Exclusive Book Excerpt: BeBe Winans, 'The Whitney I Knew'
"It was the best therapy to deal with the pain and loss," BeBe Winans says of writing The Whitney I Knew, the Grammy-winning gospel singer's inside account of the deep friendship he shared with the late Whitney Houston. Winans, who spoke and performed at Houston's funeral in February, had a tight-knit bond with the singer ever since the two met backstage at a concert in the Eighties. The book offers readers a glimpse of a free-spirited Houston beyond fame's glare.
"She wanted to be crazy," Winans tells Rolling Stone. "She loved going to movies and talking in them. She would just comment on everything. Loved to laugh, loved to be just silly, like a kid." Houston was also generous, says Winans: she gave him $50,000 towards the down payment on his first house and regularly assisted fans in financial distress. "It was a joy for her to help people," he explains.
In this excerpt from the chapter "Whitney's Weight of Fame," Winans explores his close friend's aversion to public notoriety, the pressures of celebrity and how Houston was often falsely protrayed by the media. To illustrate the scrutiny Houston was under, Winans recalls an ill-fated first encounter between the singer and an up-and-coming singer at the time, Mariah Carey.
Close your eyes. Imagine yourself walking down the street. Any moment a person with a camera could appear – skeet-skeet, skeet-skeet – capturing your image for the world to see in the tabloids the next day. There you are, plastered on cheap paper for everyone at the grocery store to gawk at as they pay for their fruit and toothpaste. Imagine how you would think about your day. How it would change your routine to have to prepare yourself for the possibility of being stopped by anyone and everyone, just so they can have a picture of you.
Now imagine that you're intensely relational – a real people person. You love connecting deeply with others. You love your friends. And not just with a "you're a great person" type of warm fuzziness, but a savage love that wants and pursues friendships – that longs to be inside the hearts and minds of others.
Keep your eyes closed and continue imagining. Not only do you love people with every ounce of your being, not only do you thrive on personal loyalty and get lost in the security of your friendships and family, but you're stalked by the international media. Suddenly, it's hard to keep friendships private and family loyal.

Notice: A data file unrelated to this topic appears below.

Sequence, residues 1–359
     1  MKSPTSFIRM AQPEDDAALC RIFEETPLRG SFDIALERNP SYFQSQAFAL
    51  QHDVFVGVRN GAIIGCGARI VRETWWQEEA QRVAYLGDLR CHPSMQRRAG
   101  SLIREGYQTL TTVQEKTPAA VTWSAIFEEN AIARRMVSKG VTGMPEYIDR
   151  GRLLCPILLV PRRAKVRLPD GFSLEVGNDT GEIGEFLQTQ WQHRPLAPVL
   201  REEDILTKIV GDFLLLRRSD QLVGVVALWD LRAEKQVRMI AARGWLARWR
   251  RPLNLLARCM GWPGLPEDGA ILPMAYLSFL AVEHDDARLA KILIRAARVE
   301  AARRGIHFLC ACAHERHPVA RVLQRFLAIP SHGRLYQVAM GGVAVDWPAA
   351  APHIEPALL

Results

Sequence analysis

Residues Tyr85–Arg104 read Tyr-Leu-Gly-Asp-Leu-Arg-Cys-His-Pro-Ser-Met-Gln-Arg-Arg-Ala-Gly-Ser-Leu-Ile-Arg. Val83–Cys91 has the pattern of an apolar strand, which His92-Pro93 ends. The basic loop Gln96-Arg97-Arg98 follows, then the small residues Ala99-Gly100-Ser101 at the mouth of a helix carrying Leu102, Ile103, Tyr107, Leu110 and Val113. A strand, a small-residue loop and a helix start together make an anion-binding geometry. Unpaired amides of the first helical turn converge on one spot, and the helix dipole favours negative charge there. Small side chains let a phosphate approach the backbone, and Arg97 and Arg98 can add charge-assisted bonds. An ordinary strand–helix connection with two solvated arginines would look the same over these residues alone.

In fact, it's hard to keep anything private. You're cut off from a normal life. Why? Because you pursued fame? No. Because you possess a gift.
This gift was given to you by God, and you know it. You sense it when you use it. You communicate to people on a beautiful and mysterious level when you sing, and you love to sing. And suddenly millions of people the world over love to hear you sing. They love your gift. Oprah calls you "The Voice" and will say after your death: "We got to hear a part of God every time she sang." The first time Tony Bennett hears you sing, he phones your mentor, Clive Davis, and says, "You finally found the greatest singer I've ever heard." Music critic Ann Powers of the Los Angeles Times calls you a "national treasure" and writes that yours is one of those voices that "stands like monuments upon the landscape of 20th-century pop, defining the architecture" of your era. New York Times music critic Jon Caramanica calls your gift not just "rare" but "impossible to mimic." Oscar winner Jennifer Hudson tells Newsday that you have taught her "the difference between being able to sing and knowing how to sing." Lionel Richie states to CNN that you knew how to "turn a . . . melody into magical, magical notes." Fellow songstress Mariah Carey deems yours "one of the greatest voices to ever grace the earth." And Celine Dion – a peer if ever you had one – describes your voice as "perfect."
You are honored by your industry, your peers, your fans – and even MTV (they put you third on their list of the 22 Greatest Voices) and Rolling Stone (which says that your true greatness was in your "ability to connect with a song and drive home its drama and emotion with incredible precision"). What's more, you become the most awarded female artist to ever walk Planet Earth, with hit songs in nearly every Billboard genre and sales of more than 170 million albums, songs, and videos.